COLOR WOODCUT ON PAPER, 49 1/2" BY 36 3/8"
My acquisition of this work was complete serendipity. When my brother Ward (visiting from Baltimore) and I attended the wedding of a friend of ours in Charlotte in June, there was an interval between the wedding reception and a party to be held at the bride's parents' house. Since Ward and I didn't want to travel all the way back to my place to change, I asked him if he wouldn't mind coming to an art gallery that I knew about that wasn't far from the church. He agreed, so we went.

When we arrived, the current show was called Facades, and featured works by Robert Cottingham, an artist of whom I had not previously been aware. Ward and I had a great conversation with Jerald Melberg, owner of the gallery and previously curator of the Mint Museum in Charlotte. While we discussed various art-related subjects, I found myself very attracted to some of Cottingham's works; in particular, this one. Two days later, after doing some independent research on Cottingham, I contacted the gallery and arranged to purchase this work.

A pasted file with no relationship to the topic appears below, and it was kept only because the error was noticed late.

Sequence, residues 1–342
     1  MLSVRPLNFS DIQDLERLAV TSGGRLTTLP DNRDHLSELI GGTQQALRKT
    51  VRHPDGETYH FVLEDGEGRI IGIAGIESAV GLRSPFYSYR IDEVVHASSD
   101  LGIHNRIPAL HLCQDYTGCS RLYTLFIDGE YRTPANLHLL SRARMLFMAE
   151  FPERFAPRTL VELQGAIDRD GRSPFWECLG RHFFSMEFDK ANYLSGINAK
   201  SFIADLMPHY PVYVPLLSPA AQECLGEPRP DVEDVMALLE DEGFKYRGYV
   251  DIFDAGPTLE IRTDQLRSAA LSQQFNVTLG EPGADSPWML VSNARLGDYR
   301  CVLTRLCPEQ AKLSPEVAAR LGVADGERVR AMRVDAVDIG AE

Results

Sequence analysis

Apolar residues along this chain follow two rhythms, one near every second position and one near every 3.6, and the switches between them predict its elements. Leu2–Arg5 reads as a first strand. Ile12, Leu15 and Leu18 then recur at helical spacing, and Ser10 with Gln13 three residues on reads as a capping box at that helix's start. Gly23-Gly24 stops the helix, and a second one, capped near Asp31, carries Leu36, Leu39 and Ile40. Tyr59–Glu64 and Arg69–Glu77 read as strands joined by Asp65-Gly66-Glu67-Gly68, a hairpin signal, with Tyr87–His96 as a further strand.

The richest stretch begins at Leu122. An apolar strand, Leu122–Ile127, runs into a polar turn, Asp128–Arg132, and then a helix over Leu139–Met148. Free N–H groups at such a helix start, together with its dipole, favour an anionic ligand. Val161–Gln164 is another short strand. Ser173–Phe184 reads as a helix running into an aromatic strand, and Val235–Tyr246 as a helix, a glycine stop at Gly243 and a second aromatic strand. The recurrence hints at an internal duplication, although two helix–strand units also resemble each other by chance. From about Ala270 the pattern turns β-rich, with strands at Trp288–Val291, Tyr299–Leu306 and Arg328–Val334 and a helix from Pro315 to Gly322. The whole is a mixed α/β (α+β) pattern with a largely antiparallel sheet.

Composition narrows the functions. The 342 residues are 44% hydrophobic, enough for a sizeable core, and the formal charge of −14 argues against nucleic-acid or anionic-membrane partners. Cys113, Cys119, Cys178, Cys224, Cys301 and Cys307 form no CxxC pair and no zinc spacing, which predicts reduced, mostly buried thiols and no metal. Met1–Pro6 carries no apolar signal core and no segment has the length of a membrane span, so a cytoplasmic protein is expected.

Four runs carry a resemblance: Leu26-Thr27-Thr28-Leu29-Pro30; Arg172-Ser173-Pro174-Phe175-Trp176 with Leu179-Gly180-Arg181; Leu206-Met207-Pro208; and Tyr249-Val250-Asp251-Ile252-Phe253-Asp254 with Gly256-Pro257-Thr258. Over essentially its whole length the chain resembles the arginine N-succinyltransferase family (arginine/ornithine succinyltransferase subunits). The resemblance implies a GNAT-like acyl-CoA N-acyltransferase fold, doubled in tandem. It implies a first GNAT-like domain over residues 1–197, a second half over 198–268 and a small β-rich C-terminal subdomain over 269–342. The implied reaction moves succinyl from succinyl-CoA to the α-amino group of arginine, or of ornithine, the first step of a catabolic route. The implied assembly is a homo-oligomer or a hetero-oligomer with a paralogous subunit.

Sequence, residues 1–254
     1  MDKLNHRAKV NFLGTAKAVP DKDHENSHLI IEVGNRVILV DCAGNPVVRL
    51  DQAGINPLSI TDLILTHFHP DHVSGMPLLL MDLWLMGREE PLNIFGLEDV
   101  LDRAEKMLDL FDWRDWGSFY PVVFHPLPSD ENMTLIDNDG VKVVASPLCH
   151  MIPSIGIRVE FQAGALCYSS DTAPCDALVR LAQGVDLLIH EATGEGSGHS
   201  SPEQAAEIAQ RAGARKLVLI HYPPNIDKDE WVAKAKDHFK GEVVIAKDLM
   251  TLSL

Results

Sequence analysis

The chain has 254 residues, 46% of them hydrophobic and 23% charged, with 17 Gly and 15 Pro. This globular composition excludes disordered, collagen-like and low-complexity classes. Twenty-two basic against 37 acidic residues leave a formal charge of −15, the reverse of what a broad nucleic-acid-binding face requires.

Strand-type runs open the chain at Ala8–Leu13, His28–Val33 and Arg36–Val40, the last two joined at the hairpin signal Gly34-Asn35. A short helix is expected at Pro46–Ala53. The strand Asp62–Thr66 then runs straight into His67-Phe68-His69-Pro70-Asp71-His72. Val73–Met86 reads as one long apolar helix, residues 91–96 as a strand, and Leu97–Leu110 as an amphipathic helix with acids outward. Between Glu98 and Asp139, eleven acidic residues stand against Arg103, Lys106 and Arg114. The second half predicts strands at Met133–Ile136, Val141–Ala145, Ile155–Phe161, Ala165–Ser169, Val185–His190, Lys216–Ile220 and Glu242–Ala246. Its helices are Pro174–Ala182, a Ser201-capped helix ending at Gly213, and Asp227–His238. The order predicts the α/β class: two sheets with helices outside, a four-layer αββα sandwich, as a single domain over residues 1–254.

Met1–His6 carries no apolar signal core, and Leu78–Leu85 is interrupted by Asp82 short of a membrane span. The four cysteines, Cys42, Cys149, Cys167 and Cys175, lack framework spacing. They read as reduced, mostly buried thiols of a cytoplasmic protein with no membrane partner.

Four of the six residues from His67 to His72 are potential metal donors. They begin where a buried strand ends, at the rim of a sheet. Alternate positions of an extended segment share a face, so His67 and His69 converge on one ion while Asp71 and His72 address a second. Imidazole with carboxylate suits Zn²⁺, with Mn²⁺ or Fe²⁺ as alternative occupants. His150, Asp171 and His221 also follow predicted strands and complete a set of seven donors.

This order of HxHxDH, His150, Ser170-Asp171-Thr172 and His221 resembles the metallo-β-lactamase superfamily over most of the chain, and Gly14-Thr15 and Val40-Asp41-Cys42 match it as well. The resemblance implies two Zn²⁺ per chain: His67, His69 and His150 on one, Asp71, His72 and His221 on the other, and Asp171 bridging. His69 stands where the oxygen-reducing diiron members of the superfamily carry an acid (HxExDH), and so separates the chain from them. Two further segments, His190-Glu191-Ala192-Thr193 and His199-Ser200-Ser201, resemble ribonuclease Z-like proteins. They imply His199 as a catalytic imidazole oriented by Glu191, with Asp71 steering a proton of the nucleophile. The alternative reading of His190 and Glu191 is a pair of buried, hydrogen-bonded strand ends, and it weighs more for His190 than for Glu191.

This work is based on a photograph of a theatre in Los Angeles called the State Theatre. When making this print, Cottingham changed the name of the theater to the phonetically spelled "NITE", a popular word in American culture. The name of the movie being shown in the theater is incomplete, but it ends in "AWKS". Cottingham has said that the combination of these two words ("NITE" + "AWKS") creates a "discrete homage" to Edward Hopper's famous work Nighthawks.

Nite is a print (which is different from a reproduction; this is an original work of art made by the artist himself using woodblocks, paint, and a press), and no more of these prints are being made. The label "AP" in the lower-left corner of this work indicates that it was originally created for the artist's use himself.

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